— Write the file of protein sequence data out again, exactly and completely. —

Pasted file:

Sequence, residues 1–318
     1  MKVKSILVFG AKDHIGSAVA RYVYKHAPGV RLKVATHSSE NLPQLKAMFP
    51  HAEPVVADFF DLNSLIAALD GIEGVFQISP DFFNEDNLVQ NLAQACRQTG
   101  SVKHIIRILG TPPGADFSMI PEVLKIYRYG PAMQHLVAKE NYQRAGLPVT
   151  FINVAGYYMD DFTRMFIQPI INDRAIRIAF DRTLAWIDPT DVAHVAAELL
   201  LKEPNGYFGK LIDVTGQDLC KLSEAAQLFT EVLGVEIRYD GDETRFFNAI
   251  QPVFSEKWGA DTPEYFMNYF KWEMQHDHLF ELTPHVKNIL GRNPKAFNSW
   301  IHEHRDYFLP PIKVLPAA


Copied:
Sequence, residues 1–318
     1  MKVKSILVFG AKDHIGSAVA RYVYKHAPGV RLKVATHSSE NLPQLKAMFP
    51  HAEPVVADFF DLNSLIAALD GIEGVFQISP DFFNEDNLVQ NLAQACRQTG
   101  SVKHIIRILG TPPGADFSMI PEVLKIYRYG PAMQHLVAKE NYQRAGLPVT
   151  FINVAGYYMD DFTRMFIQPI INDRAIRIAF DRTLAWIDPT DVAHVAAELL
   201  LKEPNGYFGK LIDVTGQDLC KLSEAAQLFT EVLGVEIRYD GDETRFFNAI
   251  QPVFSEKWGA DTPEYFMNYF KWEMQHDHLF ELTPHVKNIL GRNPKAFNSW
   301  IHEHRDYFLP PIKVLPAA